It has been said that if you were to ask ten dog owners for their opinions on the right food to feed a dog you will get twelve different answers! It seems everyone has an opinion, and knows the “facts” about dog food that they have “heard” somewhere. Of course, a lot of the blame for the confusion can be laid at the feet of the petfood manufacturing companies themselves. After all, when you look at the poor ingredients that are used in many foods you can’t help wondering how the company concerned could have the conscience to market it as a “complete nutrition” for dogs, let alone with all the marketing hype that is found in most dog food advertising.
All this has led to many owners literally “throwing the baby out with the bath water” and denouncing anything that isn’t pure raw meat as bad food dogs. Without wishing to get into the debate over the merits or otherwise of a raw diet for dogs (apart from saying that many dogs I have observed on a raw food diet do not seem particularly healthy), the truth is that a dried dog food can not only be convenient and economical for the dog owner, it can also be extremely beneficial for the dog.
A common ingredient in dried dog food is corn. For some reason (no doubt something to do with information spread by petfood sellers whose brands don’t include it), it seems to have something of a negative connotation. Some people say it is unnatural, not well digested by a dog, of no nutritional value and simply a cheap filler used by companies to keep their prices down and their sales up.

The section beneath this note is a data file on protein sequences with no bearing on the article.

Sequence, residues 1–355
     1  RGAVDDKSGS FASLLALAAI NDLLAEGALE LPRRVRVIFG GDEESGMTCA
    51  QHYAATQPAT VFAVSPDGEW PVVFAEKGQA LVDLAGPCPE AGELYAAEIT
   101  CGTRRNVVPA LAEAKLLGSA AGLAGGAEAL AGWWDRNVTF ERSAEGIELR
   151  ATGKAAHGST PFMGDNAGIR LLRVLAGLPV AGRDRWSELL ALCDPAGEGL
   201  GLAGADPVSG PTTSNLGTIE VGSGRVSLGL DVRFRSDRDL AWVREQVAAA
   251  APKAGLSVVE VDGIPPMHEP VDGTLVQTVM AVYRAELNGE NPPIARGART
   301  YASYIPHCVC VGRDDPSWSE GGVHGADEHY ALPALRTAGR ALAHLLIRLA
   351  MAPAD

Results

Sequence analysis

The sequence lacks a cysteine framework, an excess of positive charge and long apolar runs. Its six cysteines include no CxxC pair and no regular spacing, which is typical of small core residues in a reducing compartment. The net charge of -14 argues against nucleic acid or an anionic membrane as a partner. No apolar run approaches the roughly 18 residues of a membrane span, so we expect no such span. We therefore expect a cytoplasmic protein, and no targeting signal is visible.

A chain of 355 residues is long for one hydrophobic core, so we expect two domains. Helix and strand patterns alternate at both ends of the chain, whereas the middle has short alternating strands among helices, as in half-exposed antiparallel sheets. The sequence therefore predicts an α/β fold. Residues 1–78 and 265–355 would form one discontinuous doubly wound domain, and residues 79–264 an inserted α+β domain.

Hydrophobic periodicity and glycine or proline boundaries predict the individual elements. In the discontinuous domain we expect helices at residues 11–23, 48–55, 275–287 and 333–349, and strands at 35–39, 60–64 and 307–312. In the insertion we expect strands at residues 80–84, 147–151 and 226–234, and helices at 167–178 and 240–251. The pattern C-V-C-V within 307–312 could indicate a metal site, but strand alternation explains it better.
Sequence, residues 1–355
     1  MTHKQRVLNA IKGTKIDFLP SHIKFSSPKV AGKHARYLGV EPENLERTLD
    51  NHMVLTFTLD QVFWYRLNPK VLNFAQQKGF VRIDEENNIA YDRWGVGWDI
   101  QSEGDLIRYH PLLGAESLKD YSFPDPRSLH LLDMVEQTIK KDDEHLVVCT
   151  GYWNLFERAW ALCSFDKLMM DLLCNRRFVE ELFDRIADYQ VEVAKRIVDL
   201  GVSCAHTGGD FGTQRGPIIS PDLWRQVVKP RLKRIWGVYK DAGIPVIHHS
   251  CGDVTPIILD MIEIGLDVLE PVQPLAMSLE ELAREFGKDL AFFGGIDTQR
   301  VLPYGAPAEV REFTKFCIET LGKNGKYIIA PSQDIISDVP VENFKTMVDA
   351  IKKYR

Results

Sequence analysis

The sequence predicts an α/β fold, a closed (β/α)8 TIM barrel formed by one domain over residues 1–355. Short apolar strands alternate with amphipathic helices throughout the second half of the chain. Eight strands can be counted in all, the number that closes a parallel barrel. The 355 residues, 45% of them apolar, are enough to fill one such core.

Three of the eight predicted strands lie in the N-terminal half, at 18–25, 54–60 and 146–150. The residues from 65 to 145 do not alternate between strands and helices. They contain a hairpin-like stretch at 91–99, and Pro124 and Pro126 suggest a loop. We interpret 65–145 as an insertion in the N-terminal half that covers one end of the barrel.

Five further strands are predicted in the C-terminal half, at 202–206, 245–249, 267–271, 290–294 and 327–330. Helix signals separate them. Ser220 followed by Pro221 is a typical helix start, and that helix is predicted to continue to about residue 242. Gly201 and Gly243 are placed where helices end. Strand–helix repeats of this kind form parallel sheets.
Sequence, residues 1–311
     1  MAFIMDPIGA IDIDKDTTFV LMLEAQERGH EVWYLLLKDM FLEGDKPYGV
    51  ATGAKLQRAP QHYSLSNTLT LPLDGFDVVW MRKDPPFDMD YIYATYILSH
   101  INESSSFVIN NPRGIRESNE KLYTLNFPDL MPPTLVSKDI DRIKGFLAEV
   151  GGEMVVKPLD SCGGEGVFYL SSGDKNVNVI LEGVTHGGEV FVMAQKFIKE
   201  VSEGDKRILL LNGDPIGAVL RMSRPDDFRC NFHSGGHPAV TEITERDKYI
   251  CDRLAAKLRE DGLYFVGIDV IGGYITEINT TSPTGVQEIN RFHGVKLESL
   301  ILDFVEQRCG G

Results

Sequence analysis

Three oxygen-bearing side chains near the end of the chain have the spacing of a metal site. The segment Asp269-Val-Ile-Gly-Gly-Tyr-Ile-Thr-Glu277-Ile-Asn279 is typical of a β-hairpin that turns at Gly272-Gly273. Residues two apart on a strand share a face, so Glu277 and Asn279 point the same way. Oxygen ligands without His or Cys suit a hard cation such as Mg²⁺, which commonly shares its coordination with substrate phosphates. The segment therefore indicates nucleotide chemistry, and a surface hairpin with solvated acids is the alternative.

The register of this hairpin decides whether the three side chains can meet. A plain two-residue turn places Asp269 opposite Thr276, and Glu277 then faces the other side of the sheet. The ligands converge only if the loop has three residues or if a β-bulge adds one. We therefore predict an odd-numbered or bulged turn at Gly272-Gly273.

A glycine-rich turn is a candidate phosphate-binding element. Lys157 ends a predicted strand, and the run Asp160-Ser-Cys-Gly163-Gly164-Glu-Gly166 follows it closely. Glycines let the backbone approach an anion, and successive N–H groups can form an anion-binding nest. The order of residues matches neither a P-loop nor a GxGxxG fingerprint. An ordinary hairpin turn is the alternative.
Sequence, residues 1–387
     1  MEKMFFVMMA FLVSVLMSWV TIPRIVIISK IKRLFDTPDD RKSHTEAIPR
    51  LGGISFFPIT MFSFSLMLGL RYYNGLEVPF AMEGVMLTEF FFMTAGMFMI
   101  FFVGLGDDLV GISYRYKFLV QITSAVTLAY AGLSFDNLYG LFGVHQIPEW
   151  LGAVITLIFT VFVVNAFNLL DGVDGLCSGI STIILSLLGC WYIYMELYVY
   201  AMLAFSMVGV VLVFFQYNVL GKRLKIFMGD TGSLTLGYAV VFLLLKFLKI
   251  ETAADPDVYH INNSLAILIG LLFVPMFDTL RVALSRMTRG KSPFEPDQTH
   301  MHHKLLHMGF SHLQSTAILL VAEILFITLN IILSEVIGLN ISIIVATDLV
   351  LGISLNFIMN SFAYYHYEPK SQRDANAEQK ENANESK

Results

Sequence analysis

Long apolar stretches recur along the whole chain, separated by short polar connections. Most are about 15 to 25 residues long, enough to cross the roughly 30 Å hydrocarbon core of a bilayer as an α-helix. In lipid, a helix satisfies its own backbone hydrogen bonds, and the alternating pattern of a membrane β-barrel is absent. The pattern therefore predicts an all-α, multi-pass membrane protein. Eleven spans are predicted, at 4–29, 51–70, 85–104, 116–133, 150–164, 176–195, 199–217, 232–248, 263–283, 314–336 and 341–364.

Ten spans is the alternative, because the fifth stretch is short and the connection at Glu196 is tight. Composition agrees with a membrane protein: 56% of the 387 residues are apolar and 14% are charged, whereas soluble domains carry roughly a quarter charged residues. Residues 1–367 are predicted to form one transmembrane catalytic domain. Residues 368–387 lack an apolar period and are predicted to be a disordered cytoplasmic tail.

But let’s look at some facts and we will find that corn is not only NOT harmful to dogs, it is also highly beneficial.
Corn is a carbohydrate and is thus an energy source. Dogs need a lot of energy, and corn is a very good way to provide it. Corn is one of the most digestible carbohydrates, with a 99% digestibility. This is why it has been described as “probably the perfect carbohydrate for dogs” by a number of nutritional experts.
The other reason corn is viewed negatively is because of the view that it can cause allergies. However, it is one of the least causes of allergies of any ingredient of dog food. In a study of 278 cases of food allergies for dogs where the cause was clearly identified, drone was way down on the list. Far ahead of it were beef, dairy products and wheat. Of the 278 cases of allergies in the study, only 7 were caused by corn.
Corn is also not a “cheap” filler. Human-grade corn (particularly when it is not genetically modified as is the case with Pro Pac) is not cheap to produce or buy.
As long as corn is not the FIRST (and therefore the main) ingredient in a food, it can be a highly beneficial component of the overall food for a dog. In fact there have been many reported cases of dogs that, when corn was removed from their diet, lost weight and coat condition and had a big drop in energy levels.
If you have heard that corn is “bad” and a “cheap filler” then you only need to look at the many dogs in magnificent condition who have a quality dried food that contains corn to know that corn is actually a highly beneficial ingredient.